East Nashvillians of the Year
Business: The Basement East, Dave Brown & Mike Grimes
A little over two years ago, Dave Brown and Mike Grimes were at a crossroads. Their small, 100-seat-capacity music venue on Eighth Avenue South, The Basement, was a local institution, and they were ready to make the jump to something bigger. Driven by visions of epic rock shows, they signed the lease on a 7,500-square-foot former printing plant on Woodland Street and began working on The Basement East. Although the task seemed daunting, they were sure their experience would carry them through, but they had no idea just how much of a “Beast” — as the venue would soon be nicknamed — they were tackling.
“Everything we knew and thought about running a club had to change,” Grimes says. He and Brown are sitting in the worn but comfortable chairs in The Basement East’s green room, a room that has already hosted hundreds of musicians and regularly shakes with the clang of guitars, bass, and drums.
“At The Basement, we always had one door guy and one, maybe two, bartenders,” Brown says. “When we opened here, we just had a skeleton crew, and we had to expand our staff a lot.”
“We knew we’d have to change, but there was so much we didn’t expect,” Grimes adds. “Some of our ideas did not pass muster with reality. A place this big, 400-capacity, is a huge place to fill and staff. We had to hire security, an extra talent booker, a venue manager. We had to work way outside the model of The Basement.”
Finding that new model has been a challenge, but it’s one that Grimes, Brown, and their hardworking staff have risen to. Since opening in April 2015, The Basement East has featured a multitude of musical triumphs and must-see shows. They’ve also added the adjoining Pub at the Basement East and expanded the outside deck, creating a hypercool hangout that overlooks the main traffic corridor of East Nashville. As the largest music venue on the East Side, it’s played host to nationally touring acts (Cage the Elephant, MuteMath, Dawes, and Chris Stapleton), multiartist events (The Last Waltz 40th Anniversary Tribute, Prince and David Bowie tributes) and special shows from many established Nashville-based bands (The Mavericks, The Wild Feathers, and Tyler Bryant) who quite deliberately chose to play The Basement East.
“One thing I really didn’t expect was underplays by acts that could easily sell out the Ryman,” Grimes says. “Because of the relationships and friendships we’ve made over the years, they feel like this is a safe place to try out new stuff. It’s very gratifying that people like Todd Snider and Buddy Miller want to play at The Basement East.”
DJ parties have also become a foundation of The Basement East’s schedule, attracting hundreds of dance-inclined attendees each month. The Boom Bap with DJ Metrognome and Queer Dance Party (QDP) both began in smaller East Nashville venues and made the jump to The Basement East as they grew in popularity.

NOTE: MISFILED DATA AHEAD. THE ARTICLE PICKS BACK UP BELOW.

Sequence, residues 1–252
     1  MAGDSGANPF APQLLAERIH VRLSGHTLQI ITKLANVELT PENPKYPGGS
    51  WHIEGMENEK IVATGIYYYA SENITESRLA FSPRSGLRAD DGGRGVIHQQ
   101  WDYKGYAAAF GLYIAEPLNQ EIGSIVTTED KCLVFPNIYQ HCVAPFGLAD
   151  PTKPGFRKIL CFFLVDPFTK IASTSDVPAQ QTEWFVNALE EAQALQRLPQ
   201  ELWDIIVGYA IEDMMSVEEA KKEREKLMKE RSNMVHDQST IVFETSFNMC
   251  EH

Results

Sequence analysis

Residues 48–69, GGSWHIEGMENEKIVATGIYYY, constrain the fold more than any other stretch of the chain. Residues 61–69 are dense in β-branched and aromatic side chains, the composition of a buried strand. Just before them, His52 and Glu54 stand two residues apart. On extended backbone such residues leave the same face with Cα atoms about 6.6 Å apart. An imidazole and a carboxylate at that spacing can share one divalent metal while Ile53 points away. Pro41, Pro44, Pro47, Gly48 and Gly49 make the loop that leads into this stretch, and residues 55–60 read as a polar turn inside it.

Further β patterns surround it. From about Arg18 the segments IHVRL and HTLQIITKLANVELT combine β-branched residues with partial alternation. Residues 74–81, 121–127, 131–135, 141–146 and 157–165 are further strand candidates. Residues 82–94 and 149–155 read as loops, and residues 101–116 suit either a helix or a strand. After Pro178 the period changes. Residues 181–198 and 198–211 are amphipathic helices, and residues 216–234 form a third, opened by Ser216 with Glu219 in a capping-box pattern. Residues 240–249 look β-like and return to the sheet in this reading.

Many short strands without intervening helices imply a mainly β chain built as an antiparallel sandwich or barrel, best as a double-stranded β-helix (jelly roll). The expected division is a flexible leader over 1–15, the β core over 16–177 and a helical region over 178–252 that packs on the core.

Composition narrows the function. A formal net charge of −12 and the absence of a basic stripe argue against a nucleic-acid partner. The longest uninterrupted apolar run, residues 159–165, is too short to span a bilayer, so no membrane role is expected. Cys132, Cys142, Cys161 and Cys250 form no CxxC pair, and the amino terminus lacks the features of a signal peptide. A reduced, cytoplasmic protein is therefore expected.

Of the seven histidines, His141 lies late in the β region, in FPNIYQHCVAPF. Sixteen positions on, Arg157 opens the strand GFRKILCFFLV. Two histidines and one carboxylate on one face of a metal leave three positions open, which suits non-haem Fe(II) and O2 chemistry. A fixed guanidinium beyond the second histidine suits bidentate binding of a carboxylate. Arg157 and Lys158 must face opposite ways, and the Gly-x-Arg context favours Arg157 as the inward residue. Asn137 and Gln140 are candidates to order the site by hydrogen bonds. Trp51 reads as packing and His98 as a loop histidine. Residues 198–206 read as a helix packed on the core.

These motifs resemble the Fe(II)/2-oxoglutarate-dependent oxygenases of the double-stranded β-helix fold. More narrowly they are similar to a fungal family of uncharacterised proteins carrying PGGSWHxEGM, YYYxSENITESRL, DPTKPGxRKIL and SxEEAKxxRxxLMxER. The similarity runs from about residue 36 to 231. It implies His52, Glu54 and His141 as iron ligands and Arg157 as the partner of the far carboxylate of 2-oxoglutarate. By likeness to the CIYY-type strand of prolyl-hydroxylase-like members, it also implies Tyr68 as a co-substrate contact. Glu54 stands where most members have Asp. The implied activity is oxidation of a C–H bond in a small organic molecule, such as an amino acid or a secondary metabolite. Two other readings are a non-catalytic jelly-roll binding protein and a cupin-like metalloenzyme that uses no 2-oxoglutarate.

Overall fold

“QDP had been at The 5 Spot for five years, and they just outgrew the space,” Grimes says. “The same thing happened with Boom Bap. Working with others in the music community and securing weekly and monthly shows have really helped us to secure our bottom line.”
The Basement East has excelled with its combination of great shows for good causes. Benefits for local musicians with medical bills or other unexpected expenses are part of the fabric of Nashville’s music community, and Brown and Grimes have been instrumental in organizing benefit shows for a variety of causes. Recent shows have benefited efforts to combat sex trafficking in Cambodia, Louisiana flood relief, the Leukemia and Lymphoma Society, and many others.
“About 50 percent of the benefit shows we book are from people coming to us with the idea, and the other 50 percent are ones we think of,” Grimes explains. “Partially, it’s from wanting to fill our calendar with quality music, but we also want to pay reverence to great musicians, especially in a year like this last one where we have lost so many greats. When David Bowie passed away, I knew someone was going to do a tribute show. I felt like we could do it best, and we made sure the proceeds went to the Music Health Alliance.”
Giving back to the community is something that both Grimes and Brown see as the heart of their business philosophy.
“I think the strategy of a great business should obviously be to succeed financially,” Grimes says. “But it should also help other people and businesses, as well.”
“Not only in terms of charity,” Brown adds. “Hopefully, what we’re doing is a beneficial thing for the neighborhood. Some of our neighbors have told us their business triples on nights when we have really big shows. It’s awesome that there’s so much happening right now, right here in this strip of East Nashville, and we love being a central part of that.”
Despite the many day-to-day frustrations and challenges, Brown and Grimes remained true to their vision of rock & roll glory on the East Side and certainly have no regrets about their decision to give birth to The Beast.
“A lot of people think when you start a business it should explode and become a tremendous success,” Grimes says. “But success tends to come very incrementally for businesses that last a long time. Keeping that in my mind has been a challenge. I’m the guy who can panic because we have an off night. If it wasn’t for Dave, I would have lost my shit many times. He reminds me we’re on a 10-year plan.”
“The funny thing is most people would think those roles would be reversed,” Brown says, “because Mike is the biggest cheerleader in the world.”
“But get me behind closed doors and I can lose it,” Grimes continues. “Because I have high expectations for every event and when one doesn’t happen, I’m really disappointed. When you jump to that bigger scale of events, the disappointments ratchet up in scale, but the victories are even bigger.”